For print only.

Burning of dead brush likely to occur soon on Rossmoor hills

By Sam Richards

Staff Writer


Wednesday, April 10 (1:30 p.m.): Progress is being made in removing excess brush from the hills above Rossmoor, making the valley a little safer for every acre cleared.

Tom Cashion, Rossmoor’s director of public safety, said crews led by the Contra Costa County Fire Protection District are clearing about one acre per day as part of the ongoing campaign to remove excess dry vegetation from a strip of land on the hills above and around Rossmoor, eventually to encircle about 85% of the community.

But the cost of progress, in this case, is a series of “burn piles” of dead brush that will have to be disposed of in some way. And it appears that most of it will be burned, some of it fairly soon, if everything breaks right.

“We’re getting close to the point where there is no more burning allowed,” Cashion told the GRF Board on March 28. “If it doesn’t happen by the end of April, they most likely won’t be doing the burn piles until fall.”

In a subsequent interview, Cashion said, “(ConFire) will not be doing any burning when grasses are brown or yellow … only green.” Burn permits from both CalFire and the Bay Area Air Quality Management District will be required.

This shaded fuel break project is happening thanks to a $3.1 million grant obtained in June 2022 by ConFire – with both GRF and the city of Walnut Creek providing public support – from the California Department of Forestry and Fire Protection (CalFire). ConFire and GRF hosted a kickoff event in January for the shaded fuel break work.

All the involved agencies have deemed the clearing work critical to protect Rossmoor residents, and structures, from the path of any potential future wildfire in the surrounding area. This safety measure will, GRF officials hope, help increase the chances of GRF and its Mutuals obtaining as much property insurance coverage as possible.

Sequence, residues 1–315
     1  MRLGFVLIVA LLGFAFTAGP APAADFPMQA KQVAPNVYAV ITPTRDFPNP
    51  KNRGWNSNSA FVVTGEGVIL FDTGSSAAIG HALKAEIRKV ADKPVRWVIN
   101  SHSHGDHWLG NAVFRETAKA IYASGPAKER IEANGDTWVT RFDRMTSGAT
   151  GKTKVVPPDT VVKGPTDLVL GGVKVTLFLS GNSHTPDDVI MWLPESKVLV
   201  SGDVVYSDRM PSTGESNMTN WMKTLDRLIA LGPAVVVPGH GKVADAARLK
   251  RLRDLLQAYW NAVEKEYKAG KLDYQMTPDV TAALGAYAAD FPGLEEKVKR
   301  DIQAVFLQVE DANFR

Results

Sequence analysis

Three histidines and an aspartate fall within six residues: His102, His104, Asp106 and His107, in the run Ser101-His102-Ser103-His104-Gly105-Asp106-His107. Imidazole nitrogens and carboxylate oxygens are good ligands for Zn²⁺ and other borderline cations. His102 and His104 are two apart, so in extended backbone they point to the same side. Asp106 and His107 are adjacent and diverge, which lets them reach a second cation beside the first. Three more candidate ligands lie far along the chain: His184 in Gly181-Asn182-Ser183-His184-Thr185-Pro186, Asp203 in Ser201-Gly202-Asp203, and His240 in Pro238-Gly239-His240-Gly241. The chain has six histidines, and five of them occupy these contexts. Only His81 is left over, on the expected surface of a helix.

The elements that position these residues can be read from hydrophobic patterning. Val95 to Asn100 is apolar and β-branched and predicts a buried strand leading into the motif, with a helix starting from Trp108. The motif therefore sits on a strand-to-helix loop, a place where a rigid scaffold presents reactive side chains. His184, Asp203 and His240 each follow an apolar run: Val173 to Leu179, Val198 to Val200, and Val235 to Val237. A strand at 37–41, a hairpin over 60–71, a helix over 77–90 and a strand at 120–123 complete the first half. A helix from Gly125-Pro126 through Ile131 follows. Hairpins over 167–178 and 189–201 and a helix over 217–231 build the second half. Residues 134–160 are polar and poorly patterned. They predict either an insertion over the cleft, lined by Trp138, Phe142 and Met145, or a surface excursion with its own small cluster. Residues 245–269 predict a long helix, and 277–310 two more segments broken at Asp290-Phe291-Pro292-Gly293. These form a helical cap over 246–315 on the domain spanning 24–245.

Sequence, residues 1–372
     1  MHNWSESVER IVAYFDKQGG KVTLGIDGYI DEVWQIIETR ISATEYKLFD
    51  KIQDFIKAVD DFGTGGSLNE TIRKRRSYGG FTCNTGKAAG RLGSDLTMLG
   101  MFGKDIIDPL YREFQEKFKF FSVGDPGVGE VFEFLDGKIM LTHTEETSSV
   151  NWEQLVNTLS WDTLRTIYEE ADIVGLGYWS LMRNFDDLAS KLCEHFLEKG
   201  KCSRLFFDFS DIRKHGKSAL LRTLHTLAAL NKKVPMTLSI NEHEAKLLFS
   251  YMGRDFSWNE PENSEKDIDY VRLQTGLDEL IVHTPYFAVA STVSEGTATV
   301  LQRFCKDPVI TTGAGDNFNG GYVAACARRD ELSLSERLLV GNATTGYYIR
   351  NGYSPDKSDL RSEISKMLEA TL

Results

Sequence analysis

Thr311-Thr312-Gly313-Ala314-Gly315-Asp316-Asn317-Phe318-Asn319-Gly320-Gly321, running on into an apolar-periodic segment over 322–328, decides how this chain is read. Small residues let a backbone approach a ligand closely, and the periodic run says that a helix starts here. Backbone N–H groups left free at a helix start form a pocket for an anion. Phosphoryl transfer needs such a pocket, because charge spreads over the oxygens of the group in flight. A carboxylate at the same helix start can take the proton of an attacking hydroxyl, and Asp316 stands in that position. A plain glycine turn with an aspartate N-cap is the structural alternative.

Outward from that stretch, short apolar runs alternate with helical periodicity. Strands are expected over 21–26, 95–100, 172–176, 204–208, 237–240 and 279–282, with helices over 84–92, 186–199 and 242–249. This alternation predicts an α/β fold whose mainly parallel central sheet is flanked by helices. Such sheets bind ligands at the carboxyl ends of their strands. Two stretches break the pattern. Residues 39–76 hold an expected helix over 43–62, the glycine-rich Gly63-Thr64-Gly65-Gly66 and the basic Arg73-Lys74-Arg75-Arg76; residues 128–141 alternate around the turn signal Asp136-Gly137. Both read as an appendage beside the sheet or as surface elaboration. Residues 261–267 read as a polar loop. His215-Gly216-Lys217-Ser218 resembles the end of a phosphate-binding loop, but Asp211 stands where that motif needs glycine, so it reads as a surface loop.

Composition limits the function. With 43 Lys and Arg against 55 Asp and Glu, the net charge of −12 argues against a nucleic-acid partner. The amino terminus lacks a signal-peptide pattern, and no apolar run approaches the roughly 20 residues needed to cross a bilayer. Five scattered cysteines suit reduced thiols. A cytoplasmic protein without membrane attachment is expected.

While it generally would be preferable to run the cleared vegetation through woodchippers than to burn it, Cashion said the steep hillside locations where the waste piles lie preclude economical or practical chipping. A helicopter or cranes probably would be required to get the chippers there, he said. The most recent clearing work, Cashion said, has been taking place behind the Mutual Operations Department (MOD) complex on the ridgelines on Rossmoor’s east side.

“You just can’t get a chipper to where the piles are located,” he told the GRF Board. As the work around Rossmoor’s upper rim progresses, Cashion said, there probably will be some places where a chipper can be handily brought to the “green waste” piles that need chipping.

Cashion told the Board that if GRF gets enough notice of when a burn will take place, a story will go into the Rossmoor News print edition. A notice will go out on the breaking news page of www. if there’s less lead time.

In either event, Cashion said, GRF will send Nixle notices advising that smoke will be from these planned burns and not indicative of a wildfire. Residents can sign up for Nixle alerts at (click the Nixle link under Quick Links at the bottom of the page).